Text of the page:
On August 29, 2012, the Securities and Exchange Commission (the “SEC”) proposed rules to eliminate the prohibition against general solicitation and advertising in certain unregistered securities offerings. These rules are mandated by the Jumpstart Our Business Startups Act (the “JOBS Act”), which was signed into law on April 5, 2012, and is intended to, among other things, give issuers the ability to communicate more freely to attract capital. The SEC is seeking public comment on the proposed rules for 30 days, and thereafter the SEC will determine whether, and with what revisions, if any, to adopt the proposed rules.

Issuers seeking to raise capital through the sale of securities must either register the securities offering with the SEC or rely on an exemption from registration. Most of the SEC’s exemptions from registration prohibit issuers from engaging in general solicitation or advertising, such as advertising on the internet or in print media, in connection with securities offerings. The JOBS Act directs the SEC to revise Rule 506 of Regulation D and Rule 144A under the Securities Act of 1933 to permit general solicitation or general advertising in unregistered offerings, provided that the issuer reasonably believes that all purchasers (but not all offerees) are accredited investors, or qualified institutional buyers (“QIBs”), in the case of Rule 144A.

Rule 506

Under the proposed rules, new Rule 506(c) would permit the use of general solicitation and advertising to offer securities if the following conditions are satisfied:

  • The issuer takes reasonable steps to verify that the purchasers are accredited investors.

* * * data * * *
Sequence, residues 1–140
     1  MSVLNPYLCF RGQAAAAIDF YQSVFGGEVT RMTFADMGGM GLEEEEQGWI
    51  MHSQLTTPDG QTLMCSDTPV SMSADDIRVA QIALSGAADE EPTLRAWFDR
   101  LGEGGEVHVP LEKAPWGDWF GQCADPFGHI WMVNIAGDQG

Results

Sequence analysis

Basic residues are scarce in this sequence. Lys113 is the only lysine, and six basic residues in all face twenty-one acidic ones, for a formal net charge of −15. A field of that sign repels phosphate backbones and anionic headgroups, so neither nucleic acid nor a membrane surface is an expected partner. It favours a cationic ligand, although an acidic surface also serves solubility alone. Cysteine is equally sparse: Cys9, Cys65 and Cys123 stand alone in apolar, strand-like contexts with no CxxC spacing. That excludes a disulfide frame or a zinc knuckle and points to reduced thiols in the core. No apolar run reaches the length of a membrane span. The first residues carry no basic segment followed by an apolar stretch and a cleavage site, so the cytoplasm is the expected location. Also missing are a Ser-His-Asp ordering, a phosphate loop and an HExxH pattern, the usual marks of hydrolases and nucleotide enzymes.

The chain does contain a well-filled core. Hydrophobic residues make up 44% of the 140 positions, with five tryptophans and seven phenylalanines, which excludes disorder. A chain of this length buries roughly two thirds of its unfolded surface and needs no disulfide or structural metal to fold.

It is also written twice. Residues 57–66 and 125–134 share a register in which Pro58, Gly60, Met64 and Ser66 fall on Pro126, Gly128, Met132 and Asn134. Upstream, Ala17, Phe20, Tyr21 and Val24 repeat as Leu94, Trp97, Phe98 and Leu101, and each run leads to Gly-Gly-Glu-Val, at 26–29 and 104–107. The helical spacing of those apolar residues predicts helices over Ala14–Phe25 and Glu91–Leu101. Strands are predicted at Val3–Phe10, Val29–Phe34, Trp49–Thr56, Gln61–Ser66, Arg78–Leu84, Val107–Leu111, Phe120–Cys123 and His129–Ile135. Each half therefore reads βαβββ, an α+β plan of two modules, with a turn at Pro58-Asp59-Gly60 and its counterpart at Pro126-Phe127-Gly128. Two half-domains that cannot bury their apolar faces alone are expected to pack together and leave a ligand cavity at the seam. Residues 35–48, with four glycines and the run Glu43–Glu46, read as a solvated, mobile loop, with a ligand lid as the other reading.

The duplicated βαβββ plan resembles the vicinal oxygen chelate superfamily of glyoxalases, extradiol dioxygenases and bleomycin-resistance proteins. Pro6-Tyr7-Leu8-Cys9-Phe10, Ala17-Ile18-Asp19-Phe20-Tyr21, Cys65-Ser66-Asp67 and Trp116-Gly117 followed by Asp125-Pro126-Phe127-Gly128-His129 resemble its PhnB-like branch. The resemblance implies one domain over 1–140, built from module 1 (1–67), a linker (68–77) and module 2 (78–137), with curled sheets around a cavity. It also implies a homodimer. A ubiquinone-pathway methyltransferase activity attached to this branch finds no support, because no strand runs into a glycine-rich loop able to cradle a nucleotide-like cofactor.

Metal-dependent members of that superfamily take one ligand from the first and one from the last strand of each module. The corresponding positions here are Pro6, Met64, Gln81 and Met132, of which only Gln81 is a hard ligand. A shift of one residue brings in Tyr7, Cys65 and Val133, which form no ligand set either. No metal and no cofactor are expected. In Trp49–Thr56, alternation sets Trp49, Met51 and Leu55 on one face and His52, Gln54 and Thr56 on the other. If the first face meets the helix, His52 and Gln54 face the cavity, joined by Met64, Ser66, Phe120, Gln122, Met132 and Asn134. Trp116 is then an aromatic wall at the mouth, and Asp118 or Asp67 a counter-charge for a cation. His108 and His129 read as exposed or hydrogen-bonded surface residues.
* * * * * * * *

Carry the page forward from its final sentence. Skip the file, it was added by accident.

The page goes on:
• All purchasers are accredited investors, either because they qualify as such under the existing rules (1) or the issuer reasonably believes that they do at the time of the sale of the securities.
  • All other applicable conditions of Regulation D are satisfied.

The proposed rules do not specify what is necessary to satisfy the requirement that the issuer has taken reasonable steps to verify that purchasers are accredited investors, which is the key to permitting general solicitation and advertising. Rather, the SEC said that issuers are to consider the facts and circumstances of each transaction. The SEC provided a non-exclusive list of factors to be considered, including, the type of purchaser and the type of accredited investor that the purchaser claims to be, the amount and type of information that the issuer has about the purchaser, the manner in which the purchaser was solicited to participate in the offering and the nature and terms of the offering, such as a minimum investment amount.

The proposed rules would also amend Form D, which issuers must file with the SEC when they sell securities pursuant to Regulation D. The revised Form D would add a new check box for issuers to indicate whether they are relying on the new Rule 506(c) exemption that would permit general solicitation and advertising.

The proposed rules preserve the existing exemption to offer unregistered securities without any general solicitation or advertising, in which case an issuer can sell securities to up to 35 sophisticated non-accredited investors, and can sell to accredited investors relying on their self-certification and the issuer will not be subject to the new verification requirement.

Rule 144A

Under the proposed rules, securities sold pursuant to Rule 144A could be offered to persons other than QIBs, including by means of general solicitation, provided that the securities are sold only to persons whom the seller and any person acting on behalf of the seller reasonably believe is a QIB.

(1) Under existing rules, a natural person qualifies as an accredited investor if he or she has individual net worth (or joint net worth with a spouse) that exceeds $1 million at the time of the purchase, excluding the value of the primary residence of such person. Or, if he or she has income exceeding $200,000 in each of the two most recent years (or joint income with a spouse exceeding $300,000 for those years) and a reasonable expectation of the same income level in the current year.